Like most of the Duke’s horses, William The Great was trained by John Porter at his Kingsclere Stables near Newbury. 

He finished unplaced in the Clearwell Stakes over five furlongs at Nemarket in October 1900, his only race as a two-year-old.

On his first appearance as a three-year-old, in April 1901, he won the Wood Ditton Stakes at Newmarket by six lengths. At Sandown in early May he won the Esher Stakes, again by six lengths. Later in May he won the Newmarket Stakes at Newmarket by a short head over Doricles, who ran second in the 2,000 Guineas to Handicapper in his previous start and would go on to win the St Leger. With that victory, William The Third stamped himself as a Derby contender.
He was sent to Epsom to contest in the Derby, in which he started at odds of 100/7 against 24 other three-year-olds. “Ridden by Morny Cannon, he turned into the straight in seventh place and moved up to second approaching the final furlong, but although he “struggled on hard” he was beaten three quarters of a length by Volodyovski, four lengths clear of the remainder.”
The two met again in the Lennox Stakes at Hurst in August for a rematch. "With three pounds less than his opponent, the Duke’s colt defeated the Derby winner by a head."
William The Third finished the season in the Kempton Park Stakes at Kempton against older horses for the first time, and finished unplaced behind the four-year-old gelding Epsom Lad.

In 1902, he proved himself as the best stayer in England, as he won his first five races.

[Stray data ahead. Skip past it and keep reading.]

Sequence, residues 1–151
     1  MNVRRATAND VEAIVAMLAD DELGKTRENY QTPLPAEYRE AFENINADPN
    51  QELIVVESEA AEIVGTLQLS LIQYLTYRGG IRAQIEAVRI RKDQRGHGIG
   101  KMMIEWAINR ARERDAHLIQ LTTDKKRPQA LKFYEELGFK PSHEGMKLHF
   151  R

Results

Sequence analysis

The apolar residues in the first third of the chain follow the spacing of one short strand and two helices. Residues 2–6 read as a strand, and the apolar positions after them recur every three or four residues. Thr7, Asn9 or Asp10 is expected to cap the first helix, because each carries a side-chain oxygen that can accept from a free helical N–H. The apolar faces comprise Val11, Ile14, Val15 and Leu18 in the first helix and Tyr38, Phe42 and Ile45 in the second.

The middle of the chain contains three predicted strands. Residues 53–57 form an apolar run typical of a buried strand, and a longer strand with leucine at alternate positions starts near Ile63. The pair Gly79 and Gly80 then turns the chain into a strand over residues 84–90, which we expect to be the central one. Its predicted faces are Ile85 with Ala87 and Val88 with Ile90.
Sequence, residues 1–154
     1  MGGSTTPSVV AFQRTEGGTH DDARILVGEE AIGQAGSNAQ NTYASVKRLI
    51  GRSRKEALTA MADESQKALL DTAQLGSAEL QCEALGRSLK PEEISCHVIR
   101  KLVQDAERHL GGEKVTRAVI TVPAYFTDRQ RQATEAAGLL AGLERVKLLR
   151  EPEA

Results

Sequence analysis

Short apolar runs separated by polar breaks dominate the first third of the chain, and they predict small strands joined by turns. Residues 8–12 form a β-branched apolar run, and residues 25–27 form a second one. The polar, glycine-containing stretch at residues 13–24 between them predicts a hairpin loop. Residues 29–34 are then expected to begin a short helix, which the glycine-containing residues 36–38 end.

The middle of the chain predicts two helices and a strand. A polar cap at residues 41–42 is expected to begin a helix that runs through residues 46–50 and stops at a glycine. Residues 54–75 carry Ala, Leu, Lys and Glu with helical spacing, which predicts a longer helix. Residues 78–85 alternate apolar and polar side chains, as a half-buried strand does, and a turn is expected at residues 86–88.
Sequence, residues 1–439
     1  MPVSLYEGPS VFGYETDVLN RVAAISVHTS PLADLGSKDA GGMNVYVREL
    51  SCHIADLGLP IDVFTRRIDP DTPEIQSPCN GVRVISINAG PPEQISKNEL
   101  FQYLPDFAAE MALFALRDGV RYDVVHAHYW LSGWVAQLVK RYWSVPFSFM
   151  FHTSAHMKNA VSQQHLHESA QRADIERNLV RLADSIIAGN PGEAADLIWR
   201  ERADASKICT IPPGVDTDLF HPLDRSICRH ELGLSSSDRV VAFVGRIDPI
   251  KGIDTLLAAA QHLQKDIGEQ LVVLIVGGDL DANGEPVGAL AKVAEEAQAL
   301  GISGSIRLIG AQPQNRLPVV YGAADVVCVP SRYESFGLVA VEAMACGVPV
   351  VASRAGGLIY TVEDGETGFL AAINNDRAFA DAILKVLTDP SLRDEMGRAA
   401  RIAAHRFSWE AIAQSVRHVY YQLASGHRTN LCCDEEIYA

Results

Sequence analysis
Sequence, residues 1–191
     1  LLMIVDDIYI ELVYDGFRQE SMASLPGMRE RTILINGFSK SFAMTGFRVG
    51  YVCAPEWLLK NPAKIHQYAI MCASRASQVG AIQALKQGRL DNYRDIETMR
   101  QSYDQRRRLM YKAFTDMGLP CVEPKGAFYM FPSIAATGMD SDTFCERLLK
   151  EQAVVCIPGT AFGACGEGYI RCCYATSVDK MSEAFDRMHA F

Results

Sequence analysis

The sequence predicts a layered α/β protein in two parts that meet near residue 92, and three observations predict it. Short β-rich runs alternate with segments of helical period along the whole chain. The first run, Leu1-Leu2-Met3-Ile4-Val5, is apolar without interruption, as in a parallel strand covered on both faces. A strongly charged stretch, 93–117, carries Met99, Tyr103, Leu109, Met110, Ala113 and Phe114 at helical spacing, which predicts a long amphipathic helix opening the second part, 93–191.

On his seasonal debut he ran in the Royal Ascot meeting’s two-and-a-half-mile Ascot Gold Cup, which attracted an extremely strong field, including his old rival Volodyovski, the 1901 Epsom Oaks winner Cap And Bells, the leading British older horses 1902 Coronation Cup winner Osbech and 1901 Ascot Gold Cup winner Santoi, as well as the French challengers 1901 Grand Prix de Paris winner Cheri and 1901 Prix de Diane winner La Camargo“Ridden by Morny Cannon, William the Third, who started the 2/1 favourite, was held up towards the back of the field of runners until the straight. He then accelerated past his rivals and won easily by five lengths to record a popular victory.”
He reappeared the following afternoon for the Queen Alexandra Stakes over two miles and six furlongs. Despite carrying top weight of 136 pounds, he won by six lengths.
William The Third returned for the Doncaster Cup in September, after a three-month break, and won by eight lengths at odds of 1/10. No horse appeared to oppose him in the Lowther Stakes (not the Lowther Stakes we know today) at Newmarket in October and he won in a walkover. He then then won the Limekiln Stakes over one and a half miles.
On his final start of the season he started odds on favourite for the two-and-a-half-mile Jockey Club Cup, but was surprisingly beaten by Black Sand, the 1902 Cesarewitch Handicap winner.

William the Third remained in training in 1903, as a five-year-old, but sustained a serious pastern injury in training early in the year, and was retired to stud without racing again, and with a record of 14: 10-2-0.

He was retired to become a breeding stallion at his owner’s stud at Welbeck Abbey. He was a successful sire of winners, and finished second in the Sires’ Championship twice.
He sired a classic winner in Winkipop, winner of the 1,000 Guineas in 1910, as well as the Coronation Stakes, Nassau Stakes, Yorkshire Oaks and the Sussex Stakes against colts, and later a successful broodmare. 

William The Third suddenly died of a cerebral haemorrhage at Welbeck on 21 February 1917. Five years later he was the Leading Broodmare sire in Great Britain and Ireland.

Photo: W.A. Rouch
William The Third and Morny Cannon, Ascot Gold Cup 1902

29th August 2014

Post reblogged from best-of-funny with 236,169 notes

the-best-of-funny:

beksboys:

"free trial"

image

"all we need is your credit card information"

image

x

Source: beksboys

29th August 2014

Photoset reblogged from The Absolute Best GIFs with 7,364 notes

Source: onlylolgifs